Jump to content

New way of making neck pocket?


Recommended Posts

I learned in wood class rabbet cuts with a radial arm saw, so why couldnt you do that for a neck pocket? it would be better then routing i think, and you can use the wobble blade for it and just go beside each cut again and and again, it would take less time then a router, and all you do is just adjust the height, has or will any one try this??

Curtis

Link to comment
Share on other sites

i don't don't know what that is, but as it stands a router is the only way to quickly carve or route :D a 3 or 4 side box into a peice of wood deep and/or precisely

Link to comment
Share on other sites

i just used my first template yesterday(thanks to derek)to rout for my seven string floyd.i think router and template is hard to beat.i doubt i will ever rout freehand again.

i also made my own template for the rear rout by taking a piece of maple,clamping it to the back of an old body with a floyd rout,drilling a 1/2" hole through the maple to fit my bit through,and using a flush trim bit to rout all the wood out...worked very well

Link to comment
Share on other sites

All amateur/hobbyist first-time guitar builders who have a full-bore professional radial arm saw at their disposal please raise your hand...

...

...

:D:DB)

Gimme a $60.00 router, a template, and a pattern cutter bit anyday, and I'll slam out 100 neck pockets a day...it's something everyone has access to and works easily, quickly, and repeatedly with professional results. :D

Link to comment
Share on other sites

The best thing for neck pockets is a real table router. I don't know how it is called in english but my father restores vintage motorcycles and has a very huge standing machine for doing precise routes in metal. That is the best tool I ever used for making 100% precise neck pockets. The routing desk can even be adjusted for angled cuts. But this machine costs about 5000$ and I guess it would not be worth it for doing woodwork like guitars where you don't need that 1/1000 mm precision.

Link to comment
Share on other sites

The best thing for neck pockets is a real table router. I don't know how it is called in english but my father restores vintage motorcycles and has a very huge standing machine for doing precise routes in metal. That is the best tool I ever used for making 100% precise neck pockets. The routing desk can even be adjusted for angled cuts. But this machine costs about 5000$ and I guess it would not be worth it for doing woodwork like guitars where you don't need that 1/1000 mm precision.

milling machine...you can get a decent one for about $1200

Link to comment
Share on other sites

i had to look it up just to make sure i knew what it was cause i haven't taken wood shop for a while, but i do remember using one of them...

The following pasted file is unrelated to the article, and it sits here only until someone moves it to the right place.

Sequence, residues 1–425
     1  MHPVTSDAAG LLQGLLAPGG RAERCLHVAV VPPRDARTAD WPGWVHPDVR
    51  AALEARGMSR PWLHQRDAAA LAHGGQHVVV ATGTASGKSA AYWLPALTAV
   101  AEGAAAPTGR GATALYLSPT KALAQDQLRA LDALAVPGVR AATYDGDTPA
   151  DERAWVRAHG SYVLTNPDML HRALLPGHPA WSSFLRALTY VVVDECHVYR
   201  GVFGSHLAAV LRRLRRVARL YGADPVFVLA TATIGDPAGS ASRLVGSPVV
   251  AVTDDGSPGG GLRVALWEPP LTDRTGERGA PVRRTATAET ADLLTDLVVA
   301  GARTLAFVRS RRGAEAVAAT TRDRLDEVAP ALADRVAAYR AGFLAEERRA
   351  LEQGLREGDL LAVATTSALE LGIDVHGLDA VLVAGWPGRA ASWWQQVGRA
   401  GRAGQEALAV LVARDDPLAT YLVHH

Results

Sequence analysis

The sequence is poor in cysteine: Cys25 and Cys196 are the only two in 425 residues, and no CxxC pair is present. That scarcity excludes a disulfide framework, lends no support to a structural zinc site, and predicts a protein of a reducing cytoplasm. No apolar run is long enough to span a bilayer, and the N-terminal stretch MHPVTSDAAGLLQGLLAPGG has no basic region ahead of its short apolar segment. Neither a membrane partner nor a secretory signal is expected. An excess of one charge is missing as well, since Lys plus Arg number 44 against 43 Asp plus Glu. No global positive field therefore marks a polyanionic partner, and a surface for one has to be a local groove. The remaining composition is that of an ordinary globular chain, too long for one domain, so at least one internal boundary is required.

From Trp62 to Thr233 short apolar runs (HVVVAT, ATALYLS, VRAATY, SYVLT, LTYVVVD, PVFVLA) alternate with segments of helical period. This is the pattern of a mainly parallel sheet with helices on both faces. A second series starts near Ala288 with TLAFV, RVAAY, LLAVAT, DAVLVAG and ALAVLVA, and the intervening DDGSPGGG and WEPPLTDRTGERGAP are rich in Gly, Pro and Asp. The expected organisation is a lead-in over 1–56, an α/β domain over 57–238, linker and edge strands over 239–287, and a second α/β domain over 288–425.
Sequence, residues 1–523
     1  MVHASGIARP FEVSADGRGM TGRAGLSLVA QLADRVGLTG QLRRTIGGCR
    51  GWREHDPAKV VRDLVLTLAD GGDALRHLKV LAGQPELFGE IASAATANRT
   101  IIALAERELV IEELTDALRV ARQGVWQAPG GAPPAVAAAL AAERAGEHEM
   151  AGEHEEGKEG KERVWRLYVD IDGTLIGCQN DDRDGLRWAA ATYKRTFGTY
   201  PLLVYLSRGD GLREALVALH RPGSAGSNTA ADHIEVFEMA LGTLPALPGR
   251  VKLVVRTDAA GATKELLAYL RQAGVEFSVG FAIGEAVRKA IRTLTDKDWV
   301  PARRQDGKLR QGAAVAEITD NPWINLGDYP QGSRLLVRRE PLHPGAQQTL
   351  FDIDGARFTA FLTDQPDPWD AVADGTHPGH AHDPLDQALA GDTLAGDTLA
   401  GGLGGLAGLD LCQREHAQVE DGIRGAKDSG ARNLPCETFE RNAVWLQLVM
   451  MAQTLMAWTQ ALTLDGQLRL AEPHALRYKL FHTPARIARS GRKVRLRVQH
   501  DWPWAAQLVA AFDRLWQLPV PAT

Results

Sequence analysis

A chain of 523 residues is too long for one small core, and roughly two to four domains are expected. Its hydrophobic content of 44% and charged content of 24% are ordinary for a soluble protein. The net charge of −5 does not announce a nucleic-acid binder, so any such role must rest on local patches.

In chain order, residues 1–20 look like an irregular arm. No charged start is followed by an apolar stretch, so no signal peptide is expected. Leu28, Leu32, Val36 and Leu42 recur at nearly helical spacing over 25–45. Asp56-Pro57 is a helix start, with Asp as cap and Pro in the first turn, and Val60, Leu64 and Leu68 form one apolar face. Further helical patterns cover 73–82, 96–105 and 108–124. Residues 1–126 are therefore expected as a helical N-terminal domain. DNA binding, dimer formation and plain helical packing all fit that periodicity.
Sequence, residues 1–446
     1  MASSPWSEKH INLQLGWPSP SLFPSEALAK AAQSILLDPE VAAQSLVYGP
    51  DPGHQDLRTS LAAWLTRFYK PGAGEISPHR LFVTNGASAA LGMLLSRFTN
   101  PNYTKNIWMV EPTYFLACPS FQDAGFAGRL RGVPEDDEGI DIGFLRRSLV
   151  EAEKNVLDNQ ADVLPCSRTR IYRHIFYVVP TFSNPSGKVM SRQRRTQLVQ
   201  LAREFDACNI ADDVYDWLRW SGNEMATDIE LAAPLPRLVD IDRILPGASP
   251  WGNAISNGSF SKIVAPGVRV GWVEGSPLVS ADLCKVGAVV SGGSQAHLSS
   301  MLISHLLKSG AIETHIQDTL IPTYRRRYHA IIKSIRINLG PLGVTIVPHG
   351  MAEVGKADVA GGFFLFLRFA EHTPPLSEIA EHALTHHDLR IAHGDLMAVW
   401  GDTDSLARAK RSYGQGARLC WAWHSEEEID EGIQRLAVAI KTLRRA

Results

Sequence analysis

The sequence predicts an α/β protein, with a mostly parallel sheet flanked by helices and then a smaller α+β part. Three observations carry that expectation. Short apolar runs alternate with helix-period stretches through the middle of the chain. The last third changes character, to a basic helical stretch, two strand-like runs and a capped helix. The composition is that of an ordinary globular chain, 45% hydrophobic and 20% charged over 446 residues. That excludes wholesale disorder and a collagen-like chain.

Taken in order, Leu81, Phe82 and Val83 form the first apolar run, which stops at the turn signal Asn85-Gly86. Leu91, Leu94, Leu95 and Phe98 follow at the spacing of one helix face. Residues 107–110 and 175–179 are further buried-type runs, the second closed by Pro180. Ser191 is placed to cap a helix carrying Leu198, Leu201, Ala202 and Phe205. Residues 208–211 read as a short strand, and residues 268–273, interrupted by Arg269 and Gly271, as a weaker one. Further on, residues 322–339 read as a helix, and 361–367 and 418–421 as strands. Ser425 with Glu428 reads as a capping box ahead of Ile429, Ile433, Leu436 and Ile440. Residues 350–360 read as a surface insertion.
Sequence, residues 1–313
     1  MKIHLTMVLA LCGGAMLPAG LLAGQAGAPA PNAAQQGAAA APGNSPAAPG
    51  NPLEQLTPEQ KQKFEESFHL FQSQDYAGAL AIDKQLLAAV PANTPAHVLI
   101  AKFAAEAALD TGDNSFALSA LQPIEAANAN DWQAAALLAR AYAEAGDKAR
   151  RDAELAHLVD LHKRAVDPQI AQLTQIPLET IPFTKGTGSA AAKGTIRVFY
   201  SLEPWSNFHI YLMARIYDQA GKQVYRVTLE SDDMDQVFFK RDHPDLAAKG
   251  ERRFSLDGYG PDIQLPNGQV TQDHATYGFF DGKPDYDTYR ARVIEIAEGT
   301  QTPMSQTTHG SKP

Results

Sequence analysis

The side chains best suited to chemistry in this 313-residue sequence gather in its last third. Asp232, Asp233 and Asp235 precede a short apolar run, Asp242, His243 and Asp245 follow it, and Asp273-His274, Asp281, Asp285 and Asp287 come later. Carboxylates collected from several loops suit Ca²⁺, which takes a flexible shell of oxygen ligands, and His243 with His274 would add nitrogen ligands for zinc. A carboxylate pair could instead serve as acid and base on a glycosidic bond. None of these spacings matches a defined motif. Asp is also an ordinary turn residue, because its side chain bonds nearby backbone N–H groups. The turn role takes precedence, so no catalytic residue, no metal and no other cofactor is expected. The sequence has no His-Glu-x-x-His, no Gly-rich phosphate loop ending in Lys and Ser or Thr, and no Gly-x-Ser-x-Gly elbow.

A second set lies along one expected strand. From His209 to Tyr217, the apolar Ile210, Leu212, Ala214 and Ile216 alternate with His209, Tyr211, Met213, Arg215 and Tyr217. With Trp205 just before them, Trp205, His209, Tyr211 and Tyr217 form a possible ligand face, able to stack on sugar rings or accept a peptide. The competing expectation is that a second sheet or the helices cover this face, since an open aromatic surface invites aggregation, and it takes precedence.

How exactly would you make a neck pocket with this? you must be reffering to a deep set (all the way over the top of the body) neck tennon?

B0000789HI.01.LZZZZZZZ.jpg

Link to comment
Share on other sites

Yes you can use a radial arm saw for neck pockets (see #a), no it isnt any faster, and no its not more accurate.

#a a radial arm saw is only good for neck pockets which finish in a pickup cavity, as the radius of the saw gets in the way and will cut into the body.

Link to comment
Share on other sites

All amateur/hobbyist first-time guitar builders who have a full-bore professional radial arm saw at their disposal please raise your hand...

uhh... .\||/ :D

Gimme a $60.00 router, a template, and a pattern cutter bit anyday

but yes, the radial arm saw is for speaker cabs and square things. it might be useful to carve an archtop, by tweaking the saw depth and making dozens of parallel passes, but i can't hink of any other guitar body application.

once the meticulous carving of the template is done, the routing is easy. i've been making 7 string pickup templates, and now i have a nice 2x6 scrap that has a DiMarzio Blaze Neck direct mounted in it!

Link to comment
Share on other sites

Harbor Freight Tools has a pretty trick adapter for a circular saw that turns it into a radial arm saw for about 50 bucks...

.....unless Harbor Freight has devised a way to get the rpm's of the radial arm saw up to 18000, it sounds like a waste of $50. Sears Craftsman radial arm saws have a device to turn your Radial into a planer......It was a total waste of time and money....not enough cutter head speed is generated.

As for the entire idea of using a Radial arm saw to cut neck pockets...It never crossed my mind.......It is just not that safe!(if you are trying to save time). I've got an 18in industrial Delta in my shop and it only gets used for cutting heavy stock that my 8in Hitachi compound can't handle.

Link to comment
Share on other sites

Join the conversation

You can post now and register later. If you have an account, sign in now to post with your account.

Guest
Reply to this topic...

×   Pasted as rich text.   Paste as plain text instead

  Only 75 emoji are allowed.

×   Your link has been automatically embedded.   Display as a link instead

×   Your previous content has been restored.   Clear editor

×   You cannot paste images directly. Upload or insert images from URL.

 Share

×
×
  • Create New...